Notwithstanding the above-referenced data from Pew, the truth is the black-white wealth gap should not be viewed strictly in terms of dollars and cents.

True, there are any number of quantifiable reasons for why such disparities exist, but that they exist does not suffice as a sufficient argument that they should not exist.

In other words, that there is disparity does not necessarily mean there is inequality.

“Pride gets no pleasure out of having something, only out of having more of it than the next man. It is the comparison that makes you proud: the pleasure of being above the rest. Once the element of competition is gone, pride is gone.” – C.S. Lewis, Mere Christianity

There is a fundamental problem with using “inequality” to describe the income disparity between black and white households.

The word inequality intrinsically conveys that the wealth “gap” is a problem to be remedied simply because there is a gap, and that the acquisition of wealth is the only solution to mitigate that disparity under the subjective premise that income inequality is patently “unfair”.

But to assert that income inequality is somehow unfair is to place oneself in the throes of a philosophical dilemma. For to argue that anything is “unfair” is, by definition, to introduce into the conversation the question of morality.

Consequently, one is forced to consider by what or whose standard of morality should income inequality be deemed unfair. Hence, what began as a circular discourse rooted in subjectivity and ambiguity has morphed into a theological exercise on the level of untying the Gordian Knot.

“When people look at questions of income and the disparity, they’re not looking for causes. They’re looking for blame. And those are not the same things.” – Thomas Sowell, from an interview with World magazine, 12/30/2014

A highly popular television sitcom The Jeffersons ran on the CBS network for 11 seasons (from 1975 to 1985).

The Jeffersons followed the lives of George and Louise Jefferson, an African-American couple who relocated from the poverty of Queens, NY to Manhattan, as a result of the success of George’s dry-cleaning business chain.

The theme song from The Jeffersons was titled Movin’ On Up, the lyrics of which celebrate the fact that the rambunctious George, and his beloved wife Louise, had finally achieved their dream.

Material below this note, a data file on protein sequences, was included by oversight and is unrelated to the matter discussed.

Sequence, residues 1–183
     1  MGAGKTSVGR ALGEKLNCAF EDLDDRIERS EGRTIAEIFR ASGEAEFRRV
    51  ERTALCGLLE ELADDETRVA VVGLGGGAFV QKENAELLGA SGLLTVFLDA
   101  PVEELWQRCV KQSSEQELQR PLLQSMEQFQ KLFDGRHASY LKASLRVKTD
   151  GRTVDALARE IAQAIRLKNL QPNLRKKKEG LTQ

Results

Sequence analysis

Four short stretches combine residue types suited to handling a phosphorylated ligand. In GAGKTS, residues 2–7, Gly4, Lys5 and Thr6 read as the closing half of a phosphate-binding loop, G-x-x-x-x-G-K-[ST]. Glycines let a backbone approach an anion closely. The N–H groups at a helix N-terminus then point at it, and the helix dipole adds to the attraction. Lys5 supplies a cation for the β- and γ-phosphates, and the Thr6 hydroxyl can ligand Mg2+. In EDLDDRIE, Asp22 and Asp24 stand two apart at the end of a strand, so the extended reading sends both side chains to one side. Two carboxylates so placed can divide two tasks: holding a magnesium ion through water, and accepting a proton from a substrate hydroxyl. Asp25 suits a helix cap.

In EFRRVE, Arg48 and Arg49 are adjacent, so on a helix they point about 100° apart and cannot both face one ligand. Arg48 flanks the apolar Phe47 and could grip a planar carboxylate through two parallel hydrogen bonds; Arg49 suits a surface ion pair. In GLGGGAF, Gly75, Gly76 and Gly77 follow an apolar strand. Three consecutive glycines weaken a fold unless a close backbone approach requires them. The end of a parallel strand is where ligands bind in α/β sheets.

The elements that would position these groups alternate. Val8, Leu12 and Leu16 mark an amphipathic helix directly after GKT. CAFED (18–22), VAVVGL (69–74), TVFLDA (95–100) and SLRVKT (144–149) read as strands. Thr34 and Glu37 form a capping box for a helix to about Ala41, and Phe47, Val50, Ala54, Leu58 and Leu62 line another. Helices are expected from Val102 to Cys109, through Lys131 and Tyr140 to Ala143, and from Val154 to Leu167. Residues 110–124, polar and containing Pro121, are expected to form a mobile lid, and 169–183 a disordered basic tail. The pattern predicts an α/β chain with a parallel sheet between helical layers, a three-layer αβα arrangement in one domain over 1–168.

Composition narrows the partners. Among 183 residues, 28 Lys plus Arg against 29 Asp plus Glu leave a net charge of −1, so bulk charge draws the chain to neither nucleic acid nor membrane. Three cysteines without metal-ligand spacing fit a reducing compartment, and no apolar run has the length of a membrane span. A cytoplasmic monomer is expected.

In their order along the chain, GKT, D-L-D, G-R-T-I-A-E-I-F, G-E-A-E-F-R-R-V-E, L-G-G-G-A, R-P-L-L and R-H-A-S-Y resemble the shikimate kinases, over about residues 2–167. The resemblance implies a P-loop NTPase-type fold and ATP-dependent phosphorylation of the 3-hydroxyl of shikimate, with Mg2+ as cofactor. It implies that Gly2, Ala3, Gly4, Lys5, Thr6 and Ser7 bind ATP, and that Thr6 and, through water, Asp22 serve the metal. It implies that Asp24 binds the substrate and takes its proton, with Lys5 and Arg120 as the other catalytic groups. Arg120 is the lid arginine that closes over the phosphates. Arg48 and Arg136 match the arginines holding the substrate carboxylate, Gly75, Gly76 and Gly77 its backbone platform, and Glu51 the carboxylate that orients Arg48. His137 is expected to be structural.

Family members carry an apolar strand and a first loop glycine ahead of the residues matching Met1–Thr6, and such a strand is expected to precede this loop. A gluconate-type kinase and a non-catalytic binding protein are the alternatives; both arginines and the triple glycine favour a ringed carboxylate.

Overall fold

In other words, they had conquered the wealth gap.

Well,, we’re movin’ on up (movin’ on up)
To the east side (movin’ on up)
To a deluxe apartment in the sky.
Movin’ on up (movin’ on up)
To the east side (movin’ on up)
We finally got a piece of the pie.

Fish don’t fry in the kitchen;
Beans don’t burn on the grill.
Took a whole lotta’ tryin’
Just to get up that hill.
Now we’re up in the big leagues
Gettin’ our turn at bat.
As long as we live, it’s you and me baby
There ain’t nothin’ wrong with that.

Well, we’re movin’ on up (movin on up)
To the east side (movin on up)
To a deluxe apartment in the sky.
Movin’ on up (movin on up)
To the east side (movin on up)
We finally got a piece of the pie.

“The rich and the poor have a common bond, the Lord is the maker of them all.” – Proverbs 22:2 (NASB)

Please understand that I do not believe there is anything inherently wrong with an individual endeavoring to achieve the “American Dream” and acquiring their own “piece of the pie”.

But when those pursuits are engaged in solely under the pretense of “income inequality”, a philosophy predicated on pitting the haves of the world against the have-nots, then perhaps the time has come for a re-evaluation of motives (James 4:1-3).

“Do not weary yourself to gain wealth, cease from your consideration of it.” – Proverbs 23:4 (NASB)

A major fallacy of the black-white wealth gap is it assumes a cause (e.g. systemic racism) without regard to other factors that might contribute to it.

A case in point is a report published by Demos, progressive public policy organization, which found that:

  • 42 percent of African Americans report using their credit cards for basic living expenses like rent, mortgage payments, groceries, utilities, or insurance because they do not have enough money in their checking or savings accounts.
  • African Americans carry an average credit card balance of $5,784.